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Update on FY2001 Interior Appropriations (10-11-00)

**For most recent update see the AGI website for the 107th Congress**

The FY 2001 Department of the Interior and Related Agencies Appropriations Act, H.R. 4578, provides funding for the Department of the Interior (DOI), the Department of Energy's Office of Fossil Energy, the Department of Agriculture's U.S. Forest Service, and other smaller federal agencies, such as the Smithsonian Institution.  The congressional budget resolution allocated this bill only $14.7 billion (so-called 302(b) allocation) for FY 2001.  The President's budget request included close to $16.3 billion for programs covered by this bill, including a 10% increase for the US Geological Survey (USGS).  Key programs in the Interior bill for the earth sciences are found in the USGS, the Bureau of Land Management (BLM), the National Parks Service (NPS), the Office of Surface Mining, Reclamation and Enforcement (OSMRE), the Minerals Management Service (MMS), and the Bureau of Reclamation (BOR) within DOI, the Department of Energy's Office of Fossil Energy, the U.S. Forest Service, and the Smithsonian.

Most Recent Action
President Clinton signed the FY 2001 Interior and Related Agencies Appropriations bill (H.R. 4578) into law on October 11th.  At the event Clinton said that the bill is "a remarkable piece of legislation that provides a lasting legacy for our grandchildren by establishing for the first time a dedicated and protected fund that states, communities and federal agencies can use to buy and protect precious federal land -- from neighborhood parks to Civil War battlefields, to parcels of pristine wilderness."  The House passed H.R. 4578 in a 348-69 vote on October 3rd, and the Senate passed the Interior and Related Agencies Appropriations bill in a 83-13 vote two days later.  Details from the final conference report are available below.

 House Action   Senate Action   Conference Action 

House Action
Overall funding for the Interior and Related Agencies bill (H.R. 4578) is down nearly $300 million from the FY2000 enacted level of $14.9 billion and close to $1.7 billion less than the $16.3 billion requested by the President.  The Department of the Interior (DOI), slated for an 11% increase in the president's budget request, is looking at a much tighter budget than they had hoped.  At the May 17th House Appropriations Subcommittee on Interior and Related Agencies markup, the entire DOI would be funded at $7.263 billion, $57.5 million less than last year's enacted level, and $1.143 billion less than the President's budget request.  A similar fate fell upon the US Geological Survey (USGS), which had requested a 10% increase to $895.4 million, the agency's largest increase.  Under the House marks, the USGS would receive $816.7 million.  Although this amount represents a $3.3 million increase over FY 2000 levels, it is nearly $80 million less than requested by the president and is a major blow to the survey's efforts to grow after years of budgetary stagnation and retrenchment.  AGI sent out an Action Alert: Initial House Spending Levels for USGS Fall Far Short of President's Request.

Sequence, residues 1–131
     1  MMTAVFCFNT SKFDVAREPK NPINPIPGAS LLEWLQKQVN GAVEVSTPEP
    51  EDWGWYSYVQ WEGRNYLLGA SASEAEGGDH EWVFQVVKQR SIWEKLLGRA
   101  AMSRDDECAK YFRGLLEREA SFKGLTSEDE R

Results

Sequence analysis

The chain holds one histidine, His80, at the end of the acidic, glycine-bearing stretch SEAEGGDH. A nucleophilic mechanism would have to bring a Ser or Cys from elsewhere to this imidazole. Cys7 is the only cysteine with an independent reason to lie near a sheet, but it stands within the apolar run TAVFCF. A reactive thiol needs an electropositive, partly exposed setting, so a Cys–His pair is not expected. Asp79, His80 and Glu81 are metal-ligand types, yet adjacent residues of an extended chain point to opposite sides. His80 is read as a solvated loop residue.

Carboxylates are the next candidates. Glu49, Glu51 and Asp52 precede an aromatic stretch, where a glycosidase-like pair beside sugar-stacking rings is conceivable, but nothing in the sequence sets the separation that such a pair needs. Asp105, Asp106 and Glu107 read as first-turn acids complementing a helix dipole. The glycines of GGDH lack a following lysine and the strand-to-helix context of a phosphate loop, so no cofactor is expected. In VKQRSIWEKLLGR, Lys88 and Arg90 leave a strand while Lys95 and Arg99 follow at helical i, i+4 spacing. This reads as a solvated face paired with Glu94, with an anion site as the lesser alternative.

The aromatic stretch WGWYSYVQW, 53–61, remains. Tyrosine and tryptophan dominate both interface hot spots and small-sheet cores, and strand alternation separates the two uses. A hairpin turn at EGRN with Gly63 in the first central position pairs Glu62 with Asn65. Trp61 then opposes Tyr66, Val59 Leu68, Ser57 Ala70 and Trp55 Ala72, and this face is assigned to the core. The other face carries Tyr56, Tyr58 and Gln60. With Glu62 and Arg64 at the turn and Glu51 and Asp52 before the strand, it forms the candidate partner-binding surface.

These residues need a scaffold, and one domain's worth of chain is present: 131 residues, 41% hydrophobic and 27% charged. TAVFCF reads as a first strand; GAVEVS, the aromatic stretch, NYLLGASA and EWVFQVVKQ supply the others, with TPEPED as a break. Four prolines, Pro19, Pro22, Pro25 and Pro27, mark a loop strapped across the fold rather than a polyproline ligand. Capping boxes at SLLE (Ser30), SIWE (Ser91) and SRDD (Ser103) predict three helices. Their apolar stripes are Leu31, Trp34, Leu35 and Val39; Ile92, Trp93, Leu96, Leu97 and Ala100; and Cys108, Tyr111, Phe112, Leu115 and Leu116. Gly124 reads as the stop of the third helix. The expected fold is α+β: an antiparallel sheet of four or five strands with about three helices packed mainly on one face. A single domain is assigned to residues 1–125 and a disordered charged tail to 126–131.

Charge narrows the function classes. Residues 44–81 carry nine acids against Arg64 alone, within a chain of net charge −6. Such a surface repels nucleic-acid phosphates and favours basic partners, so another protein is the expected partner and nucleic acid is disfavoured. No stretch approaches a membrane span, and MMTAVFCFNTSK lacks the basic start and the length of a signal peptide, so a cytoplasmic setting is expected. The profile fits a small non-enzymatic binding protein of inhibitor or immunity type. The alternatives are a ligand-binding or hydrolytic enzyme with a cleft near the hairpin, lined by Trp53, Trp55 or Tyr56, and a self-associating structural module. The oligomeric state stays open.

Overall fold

The House Appropriations Subcommittee on Interior marked up the FY 2001 Department of the Interior and Related Agencies Appropriations bill on May 17th.  Subcommittee Chairman Ralph Regula (R-OH) is quoted in the subcommittee's press release as saying, "This year's Interior bill was very difficult to put together.  The constraints of the budget resolution on natural resource spending, compared to other priority issues, presented a number of challenges in meeting the operational needs of all the agencies in the bill."  The Subcommittee passed H.R. 4578 in a voice vote after several amendments were made to the bill.

According to EENews, the same day as the Interior Subcommittee mark up, the House Republican conference voted on a resolution to greatly limit riders on the 13 appropriation bills.  "[T]he contentious measures in the Interior bill were permitted because they were considered 'limitation amendments,' or limits in funding, not riders, according to House Speaker Dennis Hastert's (R-IL) office."  Three key amendments were accepted at the subcommittee mark up: 1) an amendment introduced by Rep. James Hansen (R-UT) would limit funds available to DOI to plan and manage National Monuments designated by President Clinton (under the Antiquities Act of 1906) after 1999, 2) an amendment introduced by Rep. George Nethercutt (R-WA) would limit funds for implementing the Interior Columbia Basin Ecosystem Management Project; and 3) an amendment introduced by Rep. Doug Ose (R-CA) would block funds for the establishment of a wildlife refuge in the Yolo Bypass near Sacramento.

Funding for key earth science programs by the numbers:

The Bureau of Land Management (BLM) requested $715.2 million for Management of Lands and Resources but received on $674.6 million.  BLM received a huge cut in funds for land acquisition (such as the current works to acquire the Baca ranch in north-central New Mexico) to $19 million from the $60.9 million requested.  In total, BLM requested $1.36 billion and received $1.26 billion.  The Minerals Management Service requested a grand total of $140.2 million and received $133.3 million.  The Office of Surface Mining, Reclamation and Enforcement (OSMRE) requested $309.2 million and received $295.6 million in the subcommittee mark up.  OSMRE's abandoned mine environmental reclamation received the largest cut to total only $183.0 million of the $195.8 requested.